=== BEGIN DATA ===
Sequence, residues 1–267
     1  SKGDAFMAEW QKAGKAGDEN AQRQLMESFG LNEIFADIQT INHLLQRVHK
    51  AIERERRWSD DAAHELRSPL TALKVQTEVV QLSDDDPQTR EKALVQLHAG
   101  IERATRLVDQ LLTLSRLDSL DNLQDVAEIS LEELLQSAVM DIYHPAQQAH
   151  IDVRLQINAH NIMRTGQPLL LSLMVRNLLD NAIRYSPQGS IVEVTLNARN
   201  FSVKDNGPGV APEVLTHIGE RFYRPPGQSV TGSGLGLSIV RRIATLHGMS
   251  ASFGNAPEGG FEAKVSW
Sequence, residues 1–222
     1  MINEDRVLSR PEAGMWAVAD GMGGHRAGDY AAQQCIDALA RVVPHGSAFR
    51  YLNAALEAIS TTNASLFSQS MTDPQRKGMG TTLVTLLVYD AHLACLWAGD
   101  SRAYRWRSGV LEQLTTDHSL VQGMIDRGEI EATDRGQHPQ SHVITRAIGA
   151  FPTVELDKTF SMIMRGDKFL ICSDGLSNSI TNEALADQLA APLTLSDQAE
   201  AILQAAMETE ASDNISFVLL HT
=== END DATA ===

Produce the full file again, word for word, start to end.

Sequence, residues 1–267
     1  SKGDAFMAEW QKAGKAGDEN AQRQLMESFG LNEIFADIQT INHLLQRVHK
    51  AIERERRWSD DAAHELRSPL TALKVQTEVV QLSDDDPQTR EKALVQLHAG
   101  IERATRLVDQ LLTLSRLDSL DNLQDVAEIS LEELLQSAVM DIYHPAQQAH
   151  IDVRLQINAH NIMRTGQPLL LSLMVRNLLD NAIRYSPQGS IVEVTLNARN
   201  FSVKDNGPGV APEVLTHIGE RFYRPPGQSV TGSGLGLSIV RRIATLHGMS
   251  ASFGNAPEGG FEAKVSW
Sequence, residues 1–222
     1  MINEDRVLSR PEAGMWAVAD GMGGHRAGDY AAQQCIDALA RVVPHGSAFR
    51  YLNAALEAIS TTNASLFSQS MTDPQRKGMG TTLVTLLVYD AHLACLWAGD
   101  SRAYRWRSGV LEQLTTDHSL VQGMIDRGEI EATDRGQHPQ SHVITRAIGA
   151  FPTVELDKTF SMIMRGDKFL ICSDGLSNSI TNEALADQLA APLTLSDQAE
   201  AILQAAMETE ASDNISFVLL HT